I was over at a friend's house one night and he said, 'I think you'll like this.' He handed me Blackheart Man by Bunny Wailer. I loved that record, from the first time I heard it. The second record was Legalize It [Peter Tosh]. The third record was Rastaman Vibration [Bob Marley]. It hit me like a ton of bricks. Not like it was a new kind of music. I didn't see it that way. I saw this as an extension of what I was already into. One of the prime moments during my first research trip to Jamaica [1980] was when I said to Bunny Wailer, 'Bunny, how would you describe yourself musically?' He said, 'I'm just another blues singer.'

There's a big connection between the two musics, which I'm only now beginning to exploit personally. [He picks up a National Steel guitar and begins to pick.] Blues: monotonic, alternating bass-from the oom-pah, German band music, which was very popular in this country after the Civil War. In Jamaica, you hear this [he strums]. Hear how it's the same beat? Now listen. [And so it goes, with a fresh demonstration on the guitar.] Hear the reggae beat in that? Still has the alternating; has one more note in it. I'm starting to use that bass line in a lot of what I do, not just my electric music but my acoustic music. Nobody else does that, so I'm kind of proud of it.

I became so passionate about reggae that it's like what happened to me with blues. I was compelled. And I knew the timing was right. I had missed out on Tommy Johnson and these other guys. But I wasn't gonna miss out on reggae, I was gonna be there. I wanted to know those people. The only way I could think to do it, and here's the manipulative side of me, is to sell that record label to Bob Schoenfeld.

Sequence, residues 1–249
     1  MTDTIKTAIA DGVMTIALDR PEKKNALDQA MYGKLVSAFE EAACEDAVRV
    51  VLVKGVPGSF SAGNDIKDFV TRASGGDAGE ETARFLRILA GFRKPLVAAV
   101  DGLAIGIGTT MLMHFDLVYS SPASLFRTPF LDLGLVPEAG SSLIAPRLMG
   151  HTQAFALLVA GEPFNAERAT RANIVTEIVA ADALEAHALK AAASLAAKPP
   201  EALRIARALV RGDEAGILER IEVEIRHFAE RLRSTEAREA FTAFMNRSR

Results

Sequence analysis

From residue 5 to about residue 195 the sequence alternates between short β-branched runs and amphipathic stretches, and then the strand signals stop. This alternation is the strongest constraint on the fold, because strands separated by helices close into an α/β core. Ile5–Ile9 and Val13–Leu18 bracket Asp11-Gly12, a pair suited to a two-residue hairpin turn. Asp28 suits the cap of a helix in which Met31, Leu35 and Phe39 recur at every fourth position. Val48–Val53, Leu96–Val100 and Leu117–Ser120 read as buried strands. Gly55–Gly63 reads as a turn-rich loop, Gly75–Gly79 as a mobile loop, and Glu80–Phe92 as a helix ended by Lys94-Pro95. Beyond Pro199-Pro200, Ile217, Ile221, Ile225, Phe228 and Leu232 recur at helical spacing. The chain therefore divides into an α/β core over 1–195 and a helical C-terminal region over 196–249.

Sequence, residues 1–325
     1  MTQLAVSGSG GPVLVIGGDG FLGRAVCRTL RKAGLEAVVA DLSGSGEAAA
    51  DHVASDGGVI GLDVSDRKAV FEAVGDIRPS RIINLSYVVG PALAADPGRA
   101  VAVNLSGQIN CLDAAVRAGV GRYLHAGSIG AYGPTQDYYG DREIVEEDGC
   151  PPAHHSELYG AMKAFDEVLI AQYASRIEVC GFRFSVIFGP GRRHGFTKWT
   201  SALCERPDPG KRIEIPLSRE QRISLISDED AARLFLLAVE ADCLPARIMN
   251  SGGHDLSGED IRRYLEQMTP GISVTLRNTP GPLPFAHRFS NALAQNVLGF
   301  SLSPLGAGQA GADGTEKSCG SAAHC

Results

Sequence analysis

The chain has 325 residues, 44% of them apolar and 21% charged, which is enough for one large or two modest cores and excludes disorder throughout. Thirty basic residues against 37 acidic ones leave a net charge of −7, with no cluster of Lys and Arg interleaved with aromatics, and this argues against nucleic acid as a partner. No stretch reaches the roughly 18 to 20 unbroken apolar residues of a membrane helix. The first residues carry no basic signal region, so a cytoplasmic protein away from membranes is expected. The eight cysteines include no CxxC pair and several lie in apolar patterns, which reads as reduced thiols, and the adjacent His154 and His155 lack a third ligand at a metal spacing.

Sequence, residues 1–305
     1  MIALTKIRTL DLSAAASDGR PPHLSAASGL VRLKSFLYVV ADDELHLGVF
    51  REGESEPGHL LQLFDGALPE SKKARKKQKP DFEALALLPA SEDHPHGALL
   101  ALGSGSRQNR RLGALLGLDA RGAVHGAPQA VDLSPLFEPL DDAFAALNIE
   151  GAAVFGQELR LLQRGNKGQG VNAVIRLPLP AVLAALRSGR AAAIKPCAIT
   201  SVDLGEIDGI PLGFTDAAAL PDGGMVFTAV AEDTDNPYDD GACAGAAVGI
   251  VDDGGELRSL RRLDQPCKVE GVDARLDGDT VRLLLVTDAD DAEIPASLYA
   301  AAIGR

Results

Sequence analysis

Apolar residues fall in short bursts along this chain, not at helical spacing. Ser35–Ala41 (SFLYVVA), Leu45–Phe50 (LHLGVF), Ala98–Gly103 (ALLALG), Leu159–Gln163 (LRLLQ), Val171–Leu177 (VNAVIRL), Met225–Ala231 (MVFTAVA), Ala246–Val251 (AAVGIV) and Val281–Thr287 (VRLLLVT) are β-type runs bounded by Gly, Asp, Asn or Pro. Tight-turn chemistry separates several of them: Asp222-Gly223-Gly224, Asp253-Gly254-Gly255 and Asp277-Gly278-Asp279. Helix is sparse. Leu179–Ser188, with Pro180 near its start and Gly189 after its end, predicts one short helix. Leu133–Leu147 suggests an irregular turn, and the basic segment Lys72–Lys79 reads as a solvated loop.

A lot of the stuff that's happened, it's like magic. I wanted to go to Sunsplash [the reggae festival held in 1979 in Montego Bay, Jamaica], and out of the blue this guy, Joe Pfeffer [the editor of a magazine which folded before its first issue was published], calls me and says, 'Do you think you'd like to go down to Sunsplash?' Would I like to cover Sunsplash and get paid for it? Years later, and I don't want to sound like some kind of mystic idiot over here but it's the God's truth, in 1985, I was on this floor, on my knees, praying. I was so miserable and so depressed. And I said, God, if you want me to do what I'm doing, then you've got to let me know. I'm not lying: While I was praying, the phone rang, and it was Joe Wilson [on behalf of the National Council for Traditional Arts] in D.C. He says, 'Do you think you'd like to play 56 shows playing rockabilly in Jamaica next month?' [He pauses.] When I need the kick, I get the kick. Whenever I need something to keep me in it, something happens.

Are you playing the music because you have a passion for it, or are you playing the music for a paycheck? When you have the calling, it doesn't make any difference whether you've got the gig. You're gonna have that guitar in your hands and you're gonna being doing it, whether you have the job or not.

Leroy Pierson has a job playing solo country blues at BB's Jazz Blues and Soups every Friday from 8-9:30 p.m. His studio work has never stopped, but most of it remains unreleased. In any event, Rusty Nail will be reissued this year on Blueberry Hill Records. His guitar work can be heard on Henry Townsend's 88 Blues, also on the Blueberry Hill label.